SportsHosts Campaign Shows The Importance Of Sport In Healing Divisions


An all-South African core team handled what is essentially an American story for SportsHosts’ latest brand film.

HaveYouHeard documented the story of a father and daughter who have polarising views on just about every major issue currently defining American politics. But, as the story unfolds, we learn that some things are more important than ideological differences; like their love of basketball and the weekly ritual of going to games together. Shot in Brooklyn and Queens in New York City, the film is peppered with references to the sport, both in his house and her car – a basketball, a coffee mug, a cap and her keychain.

The US right now is so divided, so fractured, that it sometimes feels its citizens will never find common ground. Then you come across a story like this and you realise that sport can show us the way back to one another,’ said Intrepid Fox’s Executive Creative Director and copywriter for on the brand film, Gavin Whitfield.  

SportsHosts Co-Founder, Darren Wall explained, ‘We were aware of a viral piece of work for Scouts that had been doing the rounds and had about 6 million YouTube views. Something about it really touched a nerve with us, and we knew we wanted to make work like that. By a stroke of luck, a strategist on our team happens to be a South African and knew the guys who made it.’

A few emails and phone calls later, and Whitfield was pitching a number of ideas to the SportsHosts executives. ‘It was a challenge as the team is spread between New York, Los Angeles, Denver, Connecticut and Melbourne. So, finding a time that made sense for everyone was nearly impossible. But, once we figured out who was doing the ‘red eye’ call, it was plain sailing. The team really let Intrepid Fox lead them creatively.’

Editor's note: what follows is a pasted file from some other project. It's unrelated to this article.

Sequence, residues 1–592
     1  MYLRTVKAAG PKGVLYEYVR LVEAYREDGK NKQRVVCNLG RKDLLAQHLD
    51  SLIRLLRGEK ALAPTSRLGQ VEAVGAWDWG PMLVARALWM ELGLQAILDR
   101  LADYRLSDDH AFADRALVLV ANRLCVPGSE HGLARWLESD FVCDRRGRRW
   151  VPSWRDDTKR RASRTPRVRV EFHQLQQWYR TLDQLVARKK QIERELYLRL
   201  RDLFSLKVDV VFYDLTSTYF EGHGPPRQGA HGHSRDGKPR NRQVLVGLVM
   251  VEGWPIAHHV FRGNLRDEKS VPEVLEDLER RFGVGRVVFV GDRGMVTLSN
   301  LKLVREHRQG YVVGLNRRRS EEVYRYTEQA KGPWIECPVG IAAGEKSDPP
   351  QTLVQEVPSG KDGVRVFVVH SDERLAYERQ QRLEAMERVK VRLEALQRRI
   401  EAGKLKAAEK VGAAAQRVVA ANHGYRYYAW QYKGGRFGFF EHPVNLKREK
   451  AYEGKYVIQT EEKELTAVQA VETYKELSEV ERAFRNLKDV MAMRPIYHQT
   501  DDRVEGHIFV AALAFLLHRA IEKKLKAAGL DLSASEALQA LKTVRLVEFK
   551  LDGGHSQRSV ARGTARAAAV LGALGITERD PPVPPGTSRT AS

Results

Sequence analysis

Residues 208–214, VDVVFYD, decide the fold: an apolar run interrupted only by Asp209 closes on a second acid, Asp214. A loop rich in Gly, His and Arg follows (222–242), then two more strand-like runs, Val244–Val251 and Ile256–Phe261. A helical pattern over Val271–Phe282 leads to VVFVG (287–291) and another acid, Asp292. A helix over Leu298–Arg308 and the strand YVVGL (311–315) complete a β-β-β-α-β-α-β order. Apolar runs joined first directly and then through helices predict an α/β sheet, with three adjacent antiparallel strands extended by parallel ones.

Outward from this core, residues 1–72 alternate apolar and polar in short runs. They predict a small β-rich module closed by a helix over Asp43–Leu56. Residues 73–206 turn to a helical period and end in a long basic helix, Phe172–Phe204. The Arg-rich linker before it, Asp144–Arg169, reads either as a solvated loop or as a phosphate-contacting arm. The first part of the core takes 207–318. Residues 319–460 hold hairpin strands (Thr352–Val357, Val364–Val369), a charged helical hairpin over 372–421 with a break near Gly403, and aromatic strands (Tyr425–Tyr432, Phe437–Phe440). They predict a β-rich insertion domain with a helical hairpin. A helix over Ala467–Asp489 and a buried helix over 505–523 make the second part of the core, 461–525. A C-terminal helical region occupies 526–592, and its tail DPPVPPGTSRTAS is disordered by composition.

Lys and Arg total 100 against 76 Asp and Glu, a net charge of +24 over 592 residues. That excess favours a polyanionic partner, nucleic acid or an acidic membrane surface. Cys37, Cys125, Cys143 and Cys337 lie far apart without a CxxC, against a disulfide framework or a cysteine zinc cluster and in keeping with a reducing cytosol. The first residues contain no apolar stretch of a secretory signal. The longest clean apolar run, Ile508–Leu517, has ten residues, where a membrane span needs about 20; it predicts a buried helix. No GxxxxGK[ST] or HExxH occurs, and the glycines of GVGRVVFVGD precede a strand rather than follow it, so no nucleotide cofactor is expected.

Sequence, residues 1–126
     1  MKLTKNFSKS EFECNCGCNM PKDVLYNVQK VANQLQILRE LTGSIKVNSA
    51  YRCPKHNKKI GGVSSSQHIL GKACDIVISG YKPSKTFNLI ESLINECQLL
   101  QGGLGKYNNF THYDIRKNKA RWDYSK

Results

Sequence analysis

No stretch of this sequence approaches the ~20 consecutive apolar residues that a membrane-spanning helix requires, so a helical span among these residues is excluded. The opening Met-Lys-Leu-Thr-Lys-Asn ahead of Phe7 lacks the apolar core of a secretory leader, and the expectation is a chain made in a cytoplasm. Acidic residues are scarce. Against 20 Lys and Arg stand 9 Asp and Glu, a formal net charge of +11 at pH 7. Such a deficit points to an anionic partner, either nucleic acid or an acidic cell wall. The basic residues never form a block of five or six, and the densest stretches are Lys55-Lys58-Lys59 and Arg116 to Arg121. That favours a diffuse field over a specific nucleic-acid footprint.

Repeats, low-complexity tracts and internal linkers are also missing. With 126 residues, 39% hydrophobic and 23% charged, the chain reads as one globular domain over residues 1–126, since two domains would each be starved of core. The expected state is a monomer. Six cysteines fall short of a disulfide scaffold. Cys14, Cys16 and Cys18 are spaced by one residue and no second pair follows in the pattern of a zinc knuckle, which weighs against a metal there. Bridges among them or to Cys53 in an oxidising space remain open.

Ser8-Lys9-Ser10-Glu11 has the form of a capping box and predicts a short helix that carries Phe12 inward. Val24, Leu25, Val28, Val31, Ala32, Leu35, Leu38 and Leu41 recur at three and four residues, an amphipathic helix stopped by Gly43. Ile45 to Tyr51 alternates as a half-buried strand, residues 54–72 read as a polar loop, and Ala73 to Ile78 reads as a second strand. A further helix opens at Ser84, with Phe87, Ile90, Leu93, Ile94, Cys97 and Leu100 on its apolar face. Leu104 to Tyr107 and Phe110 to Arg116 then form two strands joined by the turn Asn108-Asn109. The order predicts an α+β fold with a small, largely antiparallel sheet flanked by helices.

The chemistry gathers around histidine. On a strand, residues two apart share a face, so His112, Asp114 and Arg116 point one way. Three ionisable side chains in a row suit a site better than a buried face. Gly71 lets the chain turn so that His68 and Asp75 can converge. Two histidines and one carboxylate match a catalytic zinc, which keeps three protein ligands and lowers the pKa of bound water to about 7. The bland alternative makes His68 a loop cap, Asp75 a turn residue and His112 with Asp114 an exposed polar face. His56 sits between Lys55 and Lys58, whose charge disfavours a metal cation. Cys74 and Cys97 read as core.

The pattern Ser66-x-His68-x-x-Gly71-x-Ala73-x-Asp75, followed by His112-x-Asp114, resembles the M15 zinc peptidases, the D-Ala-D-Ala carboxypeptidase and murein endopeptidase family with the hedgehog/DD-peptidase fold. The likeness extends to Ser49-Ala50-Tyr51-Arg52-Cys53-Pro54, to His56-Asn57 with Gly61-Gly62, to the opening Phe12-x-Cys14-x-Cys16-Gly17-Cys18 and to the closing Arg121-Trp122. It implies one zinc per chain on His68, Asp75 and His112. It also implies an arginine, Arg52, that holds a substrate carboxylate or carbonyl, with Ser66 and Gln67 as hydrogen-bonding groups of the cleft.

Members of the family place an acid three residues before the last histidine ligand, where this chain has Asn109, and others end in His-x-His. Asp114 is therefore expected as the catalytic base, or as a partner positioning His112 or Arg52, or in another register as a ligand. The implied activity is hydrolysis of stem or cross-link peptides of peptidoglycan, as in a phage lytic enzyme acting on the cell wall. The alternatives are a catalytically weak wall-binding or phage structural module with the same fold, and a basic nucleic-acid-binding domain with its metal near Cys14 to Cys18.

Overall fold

Further increasing the South African connection were director Gregg Bailey of Figment Films; Neil Solomon, a producer based in Washington DC working for a production company called People’s Television Inc and Kabeer Shaik, an award-winning DOP who lives in Williamsburg, Brooklyn. 

‘Once we’d shot the footage, we brought it back to South Africa so that we could edit with Anthony Lee Martin at Me & My Friends. We mixed the audio at Pressure Cooker Studios and finished the online at Deliverance Post with SFX by Graeme Armstrong, grade by Terry Simpson and titles from Dylan Wrankmore – all this made the project extremely cost-effective without sacrificing anything in front of the camera,’ added Bailey.

How did the all-South African core team handle what is essentially an American story? ‘We had a year to research … and rewrite it and rewrite it!’ said Whitfield. ‘Also, on a fundamental level, we’ve had our own experience of sport uniting those who are seemingly at odds with one another. The 1995 Rugby World Cup, 2010 FIFA World cup and, more recently, what happened in Japan gave us a universal understanding of the material and specifically the importance of sport in healing divisions. Then, of course, we did a lot of research into the policy platforms that are dividing American politics right now.’ 

The film was launched during the March Democratic Primaries, which coincide with NBA’s busiest period – March Madness. And, not by accident. ‘We teamed up with the Cape Town office of HaveYouHeard to seed the content in the right place, and they identified March as the biggest month for both politics and basketball,’ said Whitfield’s creative partner, Alan Cronje.  

‘Let’s hope everyone can see that it’s possible to disagree on some things and still find space to enjoy being with one another. There are probably few things more important than that right now,’ concluded Whitfield. 

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